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How Sweating Can Give You a Healthy Bridal Glow

Turn off the A.C. stat.

Contributing Writer
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RMS Beauty founder Rose-Marie Swift once told us that in the summer, you're supposed to sweat so your body can release built-up toxins. "Sitting in a cold, air-conditioned office every day isn't necessarily good for you," she said. That has always stuck with us, and it turns out that Swift—who started her organic beauty brand because of chemical-induced sicknesses earlier in life—may be right. We talked to a dermatologist and fitness instructor to get the scoop.

 

"The most important function of sweating is to regulate body temperature," says Dr. Arielle Kauvar, a dermatologist in NYC. "It's the body's cooling system; it evaporates heat. But trace toxins are also eliminated through sweat." Not only that, but Kauvar says it causes pores to open, helping to unclog pores and reduce acne. Here, everything you need to know about sweating to get that bridal glow—from how long you should sweat to the best way to cleanse your skin after.

 

How to Stop the Sweat on Your Wedding Day

 

Plan to sweat for at least 20 minutes each day.

In order to reap the detoxifying benefits, you have to sweat for about 20 minutes a day, whether by exercising or sitting in a sauna. But if you exercise, you'll "feed two birds with one stone," says Kiley Holliday, who teaches hot yoga classes at Pure Yoga in NYC, because you'll not only stay fit, but increased circulation from exercise can give you a healthy glow. (Ever notice how your skin seems to look radiant after working out? That's why.)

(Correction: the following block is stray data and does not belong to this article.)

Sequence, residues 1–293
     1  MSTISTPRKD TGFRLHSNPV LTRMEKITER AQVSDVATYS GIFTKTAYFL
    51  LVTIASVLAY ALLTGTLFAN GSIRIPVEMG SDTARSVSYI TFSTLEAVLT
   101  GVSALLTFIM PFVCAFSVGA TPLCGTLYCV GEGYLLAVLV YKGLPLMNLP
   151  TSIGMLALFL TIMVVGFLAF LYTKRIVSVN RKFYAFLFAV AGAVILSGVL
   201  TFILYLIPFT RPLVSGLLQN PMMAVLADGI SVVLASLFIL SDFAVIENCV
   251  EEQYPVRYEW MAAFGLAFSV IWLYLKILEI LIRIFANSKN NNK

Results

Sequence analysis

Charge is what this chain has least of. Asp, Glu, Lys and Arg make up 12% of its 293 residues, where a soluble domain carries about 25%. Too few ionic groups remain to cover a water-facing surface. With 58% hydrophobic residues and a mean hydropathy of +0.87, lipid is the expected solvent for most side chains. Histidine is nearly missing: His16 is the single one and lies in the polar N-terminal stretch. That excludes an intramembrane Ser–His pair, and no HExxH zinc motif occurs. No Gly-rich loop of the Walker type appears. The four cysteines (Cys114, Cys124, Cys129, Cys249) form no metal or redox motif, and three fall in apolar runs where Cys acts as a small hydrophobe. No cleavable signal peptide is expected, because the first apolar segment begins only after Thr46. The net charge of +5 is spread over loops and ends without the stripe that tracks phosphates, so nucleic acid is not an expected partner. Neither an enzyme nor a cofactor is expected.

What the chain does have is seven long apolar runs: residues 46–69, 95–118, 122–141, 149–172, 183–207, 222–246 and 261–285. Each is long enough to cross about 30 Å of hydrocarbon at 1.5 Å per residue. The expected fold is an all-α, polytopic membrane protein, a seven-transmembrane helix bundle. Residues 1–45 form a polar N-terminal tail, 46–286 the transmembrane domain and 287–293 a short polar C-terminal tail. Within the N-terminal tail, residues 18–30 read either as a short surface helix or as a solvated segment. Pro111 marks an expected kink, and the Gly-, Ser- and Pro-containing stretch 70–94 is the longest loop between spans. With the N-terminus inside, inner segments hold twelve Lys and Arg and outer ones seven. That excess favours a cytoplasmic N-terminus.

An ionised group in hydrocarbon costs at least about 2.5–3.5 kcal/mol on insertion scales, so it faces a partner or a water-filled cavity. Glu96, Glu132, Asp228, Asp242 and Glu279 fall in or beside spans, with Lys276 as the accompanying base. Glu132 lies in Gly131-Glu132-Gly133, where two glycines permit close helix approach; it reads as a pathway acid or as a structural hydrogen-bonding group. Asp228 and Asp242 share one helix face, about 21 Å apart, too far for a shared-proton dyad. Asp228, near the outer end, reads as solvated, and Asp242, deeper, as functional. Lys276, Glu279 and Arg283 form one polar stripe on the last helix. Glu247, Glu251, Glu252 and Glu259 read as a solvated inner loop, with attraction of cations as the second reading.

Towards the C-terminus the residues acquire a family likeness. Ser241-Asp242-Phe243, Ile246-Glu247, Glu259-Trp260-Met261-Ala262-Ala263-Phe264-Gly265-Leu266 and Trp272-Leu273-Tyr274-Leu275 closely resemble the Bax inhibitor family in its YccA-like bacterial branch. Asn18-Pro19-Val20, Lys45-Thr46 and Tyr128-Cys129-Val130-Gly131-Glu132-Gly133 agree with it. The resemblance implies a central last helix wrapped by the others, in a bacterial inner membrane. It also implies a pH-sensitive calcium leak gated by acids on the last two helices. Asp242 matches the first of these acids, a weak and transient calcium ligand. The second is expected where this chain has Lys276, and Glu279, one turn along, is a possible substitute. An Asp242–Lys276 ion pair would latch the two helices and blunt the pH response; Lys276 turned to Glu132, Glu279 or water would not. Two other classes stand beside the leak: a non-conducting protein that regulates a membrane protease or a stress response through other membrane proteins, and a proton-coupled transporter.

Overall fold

Don't forget to re-hydrate after.

Whenever you sweat, though, you have to ensure you're hydrated. "Drink at least two large glasses of water beforehand, because if you're dehydrated, your body may start retaining water and get puffy," Holliday says. "I like to replenish afterward, too, with not just water, but electrolytes. I use Nuun; they have electrolyte tablets that you can mix into water."

 

Remember to cleanse after sweating.

And always cleanse you skin after sweating, otherwise, the toxins that are released through sweat can sit on the surface of your skin, blocking pores and causing irritation, Kauvar says. She adds that just rinsing with water can rinse sweat from your body. Holliday, however, has found a non-drying method that works perfectly for her. "I use tea tree oil pads right after a class, and in the evening, I open my pores by putting a hot towel over my face. Then, I mix finely ground sea salt and coconut oil together and apply it with a Clarisonic. I let that sit for five minutes and rinse with water. Since I work out and sweat all of the time, I've found this is a nice, gentle way to cleanse without stripping it." 

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